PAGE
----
Op-Med is a collection of original articles contributed by Doximity members.
With any celebrity suicide, like those of Kate Spade and Anthony Bourdain, the news cycle starts spinning reflexively, there is a sharing of suicide hotlines on social media, and demands for better access to mental health services. While it is true that getting an appointment with a psychiatrist can take far too long and psychotherapy is not covered by many insurance plans, equating suicide with untreated or undertreated depression is too simplistic. What if we had access to treatment for everyone with depression?
Before coming to the US and pursuing a career in neurology, I worked as a psychiatry junior resident in Germany. With universal health care and arguably better mental health services than available to most in the US, we treated many patients with depression for 3–6 months in an inpatient setting. Most of my patients got better, but all talked about the stigma they had to face when returning to “real life,” by family, friends, colleagues and bosses.
For some, suicide still seemed like the only solution. One patient, a nursing student with bipolar disorder, ran away during a group walk to a park, and followed through on a plan he hadn’t shared with anyone. Another patient shot himself during a weekend at home. The treating physician had to approve those weekends away from the clinic, and was caught off guard by the news, the patient having appeared stable the day prior, with lots of plans to look forward to. I remember my own nervousness when being on weekend call and having a patient return late on Sunday night, always fearing for the worst. The third patient, a gentle man in his 60s, a retired teacher with a loving family, had struggled with depression for many years. After having spent months in our care, undergoing psychotherapy with an experienced attending, his antidepressant therapy being carefully adjusted, his mood had begun to brighten. On the morning he was set to be discharged, his nurse found him in his room, dead.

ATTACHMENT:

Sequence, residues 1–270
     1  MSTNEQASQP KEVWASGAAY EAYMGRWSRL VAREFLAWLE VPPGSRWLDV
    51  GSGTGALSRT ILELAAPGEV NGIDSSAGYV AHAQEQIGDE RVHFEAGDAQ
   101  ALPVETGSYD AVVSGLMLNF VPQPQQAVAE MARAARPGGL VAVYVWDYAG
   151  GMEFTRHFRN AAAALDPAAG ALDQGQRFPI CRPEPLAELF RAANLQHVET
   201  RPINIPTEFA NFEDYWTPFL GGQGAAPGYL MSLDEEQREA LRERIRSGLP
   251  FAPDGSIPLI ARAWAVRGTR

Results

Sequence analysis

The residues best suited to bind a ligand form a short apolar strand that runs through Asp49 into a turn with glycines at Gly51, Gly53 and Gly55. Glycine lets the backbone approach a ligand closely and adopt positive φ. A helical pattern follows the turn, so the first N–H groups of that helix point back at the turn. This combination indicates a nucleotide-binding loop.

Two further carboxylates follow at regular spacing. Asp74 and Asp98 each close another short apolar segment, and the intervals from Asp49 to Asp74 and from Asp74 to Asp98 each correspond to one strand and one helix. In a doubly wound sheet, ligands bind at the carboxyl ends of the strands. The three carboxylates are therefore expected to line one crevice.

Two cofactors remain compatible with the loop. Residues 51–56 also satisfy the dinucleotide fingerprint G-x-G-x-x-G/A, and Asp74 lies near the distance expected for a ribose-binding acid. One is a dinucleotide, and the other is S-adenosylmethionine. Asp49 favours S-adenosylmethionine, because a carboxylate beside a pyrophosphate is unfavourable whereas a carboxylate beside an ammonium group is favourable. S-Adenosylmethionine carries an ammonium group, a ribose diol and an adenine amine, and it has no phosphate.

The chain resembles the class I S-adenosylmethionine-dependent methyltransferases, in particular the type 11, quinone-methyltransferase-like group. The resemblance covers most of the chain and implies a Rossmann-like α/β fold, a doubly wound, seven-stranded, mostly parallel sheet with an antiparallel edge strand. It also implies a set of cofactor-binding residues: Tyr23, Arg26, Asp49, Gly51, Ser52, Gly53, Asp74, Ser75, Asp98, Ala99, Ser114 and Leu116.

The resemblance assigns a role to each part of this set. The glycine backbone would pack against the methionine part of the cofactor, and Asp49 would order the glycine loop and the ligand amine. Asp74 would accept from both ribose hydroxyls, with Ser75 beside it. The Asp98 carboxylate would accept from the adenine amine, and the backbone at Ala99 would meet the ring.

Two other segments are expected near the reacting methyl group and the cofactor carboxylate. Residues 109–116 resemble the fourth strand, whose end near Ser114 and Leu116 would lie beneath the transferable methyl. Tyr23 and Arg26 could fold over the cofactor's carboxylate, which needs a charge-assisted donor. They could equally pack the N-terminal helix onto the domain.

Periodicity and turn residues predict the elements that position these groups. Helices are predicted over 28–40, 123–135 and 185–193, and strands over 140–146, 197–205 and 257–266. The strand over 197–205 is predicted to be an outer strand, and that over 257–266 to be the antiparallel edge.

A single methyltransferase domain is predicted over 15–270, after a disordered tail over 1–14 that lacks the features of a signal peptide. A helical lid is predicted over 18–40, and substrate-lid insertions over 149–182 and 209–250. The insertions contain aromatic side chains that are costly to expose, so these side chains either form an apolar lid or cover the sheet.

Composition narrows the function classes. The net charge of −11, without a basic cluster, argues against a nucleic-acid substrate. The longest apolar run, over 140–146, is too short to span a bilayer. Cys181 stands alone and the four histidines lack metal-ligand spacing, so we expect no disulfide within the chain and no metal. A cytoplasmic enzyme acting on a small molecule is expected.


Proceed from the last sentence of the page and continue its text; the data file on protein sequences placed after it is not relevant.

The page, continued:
The issue of suicide prevention is deeply personal for me, having lost my mother to suicide in 2015. We are always told to look out for “warning signs,” such as people expressing sadness, hopelessness and isolating themselves. However, these are general signs of depression, and fortunately, the majority of those with depression and even those experiencing suicidal thoughts will never act on them. Like my patients, my mother had been under the care of an experienced psychiatrist who did not deem her to be at high risk for suicide. Unfortunately, access to mental health care is important, but it is sometimes not enough.
Many factors can play a role in suicide, including chronic medical conditions and pain, loneliness and social isolation, acute emotional distress following adverse life events, financial worries and other hardships. Two recent meta-analyses, looking at research over the last 40 years, suggest that we’re not very accurate in making suicide risk predictions, and question the use of risk assessment scales[1,2]. Of concern, suicide is on the rise and has increased over 25% since 1999 according to a new study by the US Centers for Disease Control and Prevention. Contrary to common belief, data showed a history of known mental illness in only 45%.
We clearly need more research into the neurobiology and psychosocial factors of suicide to understand the suicidal brain more accurately and help those who need it the most. Despite suicide being the 10th most common cause of death in the US, federal funding for suicide research lags far behind that of other public health issues.
In the meantime, we can all make a difference by treating each other with kindness and compassion. The sharp increase in suicide rates in recent years cannot be explained by altered neurobiology or genetic factors, but has everything to do with psychosocial factors. Although Americans are more connected than ever on social media, the number of those with no close friends has increased dramatically over the past three decades. Many of us may be at risk of finding themselves contemplating suicide given the right set of circumstances, with or without showing other signs of mental illness. In fact, several studies have shown burnout rates of over 50% for physicians of all specialties, with an increased risk for depression and suicide.
Society is not kind to those showing signs of weakness, are perceived different from their peers, or can’t keep up with the pressure to perform under ever increasing demands at work and at home. Those seeking treatment for mental health problems needs to be openly encouraged rather than stigmatized. However, we all need to come together and do our part in supporting each other when life gets tough, and be advocates for our patients outside of the office space.
We can’t expect mental health professionals to solve the problem of suicide alone.
Dr. LaFaver is a movement disorder specialist in Louisville, KY, and administrator of a social media group for women neurologists. She tweets under @LaFaverMD.
1. Large M, Myles N, Myles H, et al. Suicide risk assessment among psychiatric inpatients: a systematic review and meta-analysis of high-risk categories. Psychol Med 2018; 48(7): 1119–27.
2. Chan MK, Bhatti H, Meader N, et al. Predicting suicide following self-harm: systematic review of risk factors and risk scales. Br J Psychiatry 2016; 209(4): 277–83.
3. Stone DM, Simon TR, Fowler KA, et al. Vital Signs: Trends in State Suicide Rates — United States, 1999–2016 and Circumstances Contributing to Suicide — 27 States, 2015. MMWR Morb Mortal Wkly Rep 2018; 67(22): 617–24.